BusinessDay

Organisation tackles unemployment in Nigeria with SkillPaddy initiative

An indigenous IT start-up has introduced a youth-focused online training platform named SkillPaddy as a response to the high rate of unemployment in Nigeria coupled with incessant ASUU strikes that are keeping millions of young people generally idle.

In a country where over 33 percent of employable population are without jobs, SkillPaddy aims to not only address unemployment but help in bridging the productivity gap which presently exists in many industries. There is 40 million Nigerians youth that are unskilled when the world has become digitalised and everything is digital. Therefore the youth need to have the relevant skills to be able to move themselves forward.

Industries across sectors need skills for innovations and increase production and this is why Kunle Erinle, the CEO of SkillPaddy while launching the product in Lagos recently assured that they have come in to assist in upskilling the youth to match the needed progress in various industries.

“Contribution to GDP and reduction in unemployment are functions of people’s knowledge or skill level and SkillPaddy is here to provide a platform to help the young people gain skills to prepare them for future”.

Erinle futher said, “The world is changing very fast. Today, eight out of 10 biggest companies in the world are in the tech industry. This translates to 10 million jobs in the digital technology space, with one million of these jobs open in Africa. Do you realise that most of these jobs remain open year after year, because people with the right skills are either not applying or none existent? It is a real challenge for us as a continent, and that is why SkillPaddy exists.”

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Erinle said it was the need to create a pipeline of skilled people to fit into job space or they do things on their own necessitated the formation of SkillPaddy

He explained that the company began working with young Nigerians after the global pandemic to help them develop relevant skills in line with the fast-changing global economy. ” With the help of industry experts, the company rolled-out courses on the SkillPaddy platform, with the goal of grafting learners into a community for a three-month program, supported by several partner/sponsor organisations. Rather than leave the learners on their own after training, SkillPaddy will help participants gain on-the-job experience and expand their opportunities with their partners and sponsors”.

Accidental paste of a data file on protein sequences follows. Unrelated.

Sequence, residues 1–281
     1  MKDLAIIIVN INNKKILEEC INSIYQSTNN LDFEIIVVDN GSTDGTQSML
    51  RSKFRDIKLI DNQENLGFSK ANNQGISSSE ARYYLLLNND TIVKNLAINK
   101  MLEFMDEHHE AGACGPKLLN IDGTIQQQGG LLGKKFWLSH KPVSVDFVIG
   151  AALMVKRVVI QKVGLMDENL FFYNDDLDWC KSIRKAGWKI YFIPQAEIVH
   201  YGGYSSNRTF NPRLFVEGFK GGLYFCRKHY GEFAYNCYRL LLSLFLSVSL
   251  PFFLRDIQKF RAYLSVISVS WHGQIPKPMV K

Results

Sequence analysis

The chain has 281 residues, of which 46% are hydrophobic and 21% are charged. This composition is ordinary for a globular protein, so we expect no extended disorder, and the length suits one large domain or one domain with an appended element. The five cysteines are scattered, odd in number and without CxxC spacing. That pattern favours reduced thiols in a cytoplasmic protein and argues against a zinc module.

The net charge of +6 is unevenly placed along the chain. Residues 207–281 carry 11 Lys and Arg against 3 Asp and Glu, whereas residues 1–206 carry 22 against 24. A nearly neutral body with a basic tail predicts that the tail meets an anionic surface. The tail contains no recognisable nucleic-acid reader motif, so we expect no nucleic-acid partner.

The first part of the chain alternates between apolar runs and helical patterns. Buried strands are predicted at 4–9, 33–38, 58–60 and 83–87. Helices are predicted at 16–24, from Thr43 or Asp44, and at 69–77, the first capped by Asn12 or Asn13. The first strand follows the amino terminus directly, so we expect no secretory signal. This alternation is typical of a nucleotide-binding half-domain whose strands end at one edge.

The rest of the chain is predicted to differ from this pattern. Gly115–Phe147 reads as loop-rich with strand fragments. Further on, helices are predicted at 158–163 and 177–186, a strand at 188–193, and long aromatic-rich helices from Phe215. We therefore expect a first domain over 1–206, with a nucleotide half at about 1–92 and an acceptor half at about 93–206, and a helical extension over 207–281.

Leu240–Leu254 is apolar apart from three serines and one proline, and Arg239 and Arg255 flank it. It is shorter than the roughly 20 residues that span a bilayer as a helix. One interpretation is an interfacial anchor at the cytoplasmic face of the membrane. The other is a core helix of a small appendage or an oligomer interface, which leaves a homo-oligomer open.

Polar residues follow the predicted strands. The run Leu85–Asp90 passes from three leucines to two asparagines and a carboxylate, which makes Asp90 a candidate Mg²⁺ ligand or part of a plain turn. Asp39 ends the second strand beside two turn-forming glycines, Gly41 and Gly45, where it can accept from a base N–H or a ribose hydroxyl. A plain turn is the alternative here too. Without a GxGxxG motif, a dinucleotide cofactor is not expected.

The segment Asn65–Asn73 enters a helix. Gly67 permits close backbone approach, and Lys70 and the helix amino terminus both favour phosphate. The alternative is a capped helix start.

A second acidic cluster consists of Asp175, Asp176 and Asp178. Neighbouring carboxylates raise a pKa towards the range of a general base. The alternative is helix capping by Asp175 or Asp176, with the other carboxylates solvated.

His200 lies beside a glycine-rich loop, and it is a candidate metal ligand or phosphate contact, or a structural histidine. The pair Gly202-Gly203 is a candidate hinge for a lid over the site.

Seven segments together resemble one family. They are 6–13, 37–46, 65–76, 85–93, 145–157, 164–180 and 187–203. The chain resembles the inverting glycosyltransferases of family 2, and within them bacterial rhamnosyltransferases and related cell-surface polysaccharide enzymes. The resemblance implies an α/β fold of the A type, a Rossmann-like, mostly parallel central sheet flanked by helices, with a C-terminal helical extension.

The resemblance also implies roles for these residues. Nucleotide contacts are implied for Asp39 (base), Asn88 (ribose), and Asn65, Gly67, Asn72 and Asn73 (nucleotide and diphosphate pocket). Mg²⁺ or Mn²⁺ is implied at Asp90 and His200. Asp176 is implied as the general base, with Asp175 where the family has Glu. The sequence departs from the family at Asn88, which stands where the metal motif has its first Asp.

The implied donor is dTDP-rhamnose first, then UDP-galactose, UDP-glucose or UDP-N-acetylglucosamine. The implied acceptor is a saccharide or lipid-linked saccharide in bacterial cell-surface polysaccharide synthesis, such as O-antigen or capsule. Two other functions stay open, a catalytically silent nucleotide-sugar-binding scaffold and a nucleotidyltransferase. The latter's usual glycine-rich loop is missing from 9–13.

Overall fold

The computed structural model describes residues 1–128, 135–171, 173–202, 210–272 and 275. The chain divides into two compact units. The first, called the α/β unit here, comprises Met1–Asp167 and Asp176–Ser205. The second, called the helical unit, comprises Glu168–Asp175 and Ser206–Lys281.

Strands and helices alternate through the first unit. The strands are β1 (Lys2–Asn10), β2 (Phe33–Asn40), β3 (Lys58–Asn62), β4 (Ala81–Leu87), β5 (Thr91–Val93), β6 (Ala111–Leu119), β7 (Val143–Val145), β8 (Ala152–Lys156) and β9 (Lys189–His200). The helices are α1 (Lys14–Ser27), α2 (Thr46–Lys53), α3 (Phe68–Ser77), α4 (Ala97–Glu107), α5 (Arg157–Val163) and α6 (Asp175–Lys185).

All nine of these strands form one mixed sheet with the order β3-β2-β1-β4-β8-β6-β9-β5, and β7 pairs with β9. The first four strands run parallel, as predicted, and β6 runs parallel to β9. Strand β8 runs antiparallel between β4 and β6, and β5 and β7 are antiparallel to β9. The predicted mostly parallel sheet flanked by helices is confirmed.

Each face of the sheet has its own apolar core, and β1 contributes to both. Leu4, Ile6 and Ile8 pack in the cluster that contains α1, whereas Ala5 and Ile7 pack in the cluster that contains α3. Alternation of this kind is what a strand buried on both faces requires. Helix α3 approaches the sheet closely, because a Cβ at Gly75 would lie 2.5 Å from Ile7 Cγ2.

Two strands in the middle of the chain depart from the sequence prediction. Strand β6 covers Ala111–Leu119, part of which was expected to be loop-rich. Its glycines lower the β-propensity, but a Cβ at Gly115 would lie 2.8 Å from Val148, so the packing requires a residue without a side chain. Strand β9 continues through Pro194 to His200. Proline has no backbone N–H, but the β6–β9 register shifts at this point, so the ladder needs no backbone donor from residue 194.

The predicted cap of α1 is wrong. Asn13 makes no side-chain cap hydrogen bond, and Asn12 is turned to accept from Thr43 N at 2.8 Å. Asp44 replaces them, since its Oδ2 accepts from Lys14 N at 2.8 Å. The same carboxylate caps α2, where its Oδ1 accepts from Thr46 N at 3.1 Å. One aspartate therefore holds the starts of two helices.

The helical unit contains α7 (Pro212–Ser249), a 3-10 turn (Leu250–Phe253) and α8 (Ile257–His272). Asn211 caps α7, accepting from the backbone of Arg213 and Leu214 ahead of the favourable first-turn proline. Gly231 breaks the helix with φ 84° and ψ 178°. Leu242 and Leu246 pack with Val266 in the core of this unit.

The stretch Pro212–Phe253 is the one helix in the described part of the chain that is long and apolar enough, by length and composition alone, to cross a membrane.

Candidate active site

On the challenges of internet in rural areas to enable youth to participate in the online coaching, Erinle said SkillPaddy will partner with telecom companies that have penetration across country. This will allow people not only in Nigeria but across the continent to access the platform.

Also speaking at the event, Olatunbosun Alake, Special Adviser for Innovation and Technology to Lagos State governor, Sanwo Olu, agreed that SkillPaddy activity is a catalyst for sustainable economic development and that “rising talent eco-system is indeed the bedrock of development and economic excellence”. He said it is important that companies like SkillPaddy are taking up the responsibility to drive the conversation and create an avenue for partnership involvement for different solutions.

He also there is need to churn out talents three times the rate they are developed today, to fill vacant positions and replace those who are leaving. He said three of five ICT engineers within the range of 22 to 40 years are processing their visas to exit the country.

To justify that Nigeria is not producing enough developers, he said Nigeria produces approximately 114,000 developers against India with figure of 5.8 million, USA with a figure e of 4 million. He also said that number of our STEM graduates at about 72,000 is much more less compared to China with 4.7 million, India with 2.5 million. “Our situation becomes worse as half of the number want to exit Nigeria”.

Alake said there should be collaboration between the public and private sector to build an eco-system of innovation capacities. Panellists from different sectors who discussed need to for skills agreed that prospects exist in various industries that require skill men and women to take up such opportunities.

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